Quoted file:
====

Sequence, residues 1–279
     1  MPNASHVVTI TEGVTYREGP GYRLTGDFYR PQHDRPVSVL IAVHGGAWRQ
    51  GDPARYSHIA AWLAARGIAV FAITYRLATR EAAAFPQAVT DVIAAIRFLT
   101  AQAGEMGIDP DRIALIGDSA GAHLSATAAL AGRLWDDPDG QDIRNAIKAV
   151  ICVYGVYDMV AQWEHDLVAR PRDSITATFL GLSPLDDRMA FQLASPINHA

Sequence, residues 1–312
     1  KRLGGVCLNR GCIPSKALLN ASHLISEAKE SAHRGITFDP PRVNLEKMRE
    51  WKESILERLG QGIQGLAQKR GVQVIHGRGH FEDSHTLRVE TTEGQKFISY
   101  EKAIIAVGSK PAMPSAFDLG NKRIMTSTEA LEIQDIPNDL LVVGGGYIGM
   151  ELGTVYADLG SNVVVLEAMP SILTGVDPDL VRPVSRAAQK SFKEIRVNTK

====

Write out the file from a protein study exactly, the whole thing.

Sequence, residues 1–279
     1  MPNASHVVTI TEGVTYREGP GYRLTGDFYR PQHDRPVSVL IAVHGGAWRQ
    51  GDPARYSHIA AWLAARGIAV FAITYRLATR EAAAFPQAVT DVIAAIRFLT
   101  AQAGEMGIDP DRIALIGDSA GAHLSATAAL AGRLWDDPDG QDIRNAIKAV
   151  ICVYGVYDMV AQWEHDLVAR PRDSITATFL GLSPLDDRMA FQLASPINHA

Sequence, residues 1–312
     1  KRLGGVCLNR GCIPSKALLN ASHLISEAKE SAHRGITFDP PRVNLEKMRE
    51  WKESILERLG QGIQGLAQKR GVQVIHGRGH FEDSHTLRVE TTEGQKFISY
   101  EKAIIAVGSK PAMPSAFDLG NKRIMTSTEA LEIQDIPNDL LVVGGGYIGM
   151  ELGTVYADLG SNVVVLEAMP SILTGVDPDL VRPVSRAAQK SFKEIRVNTK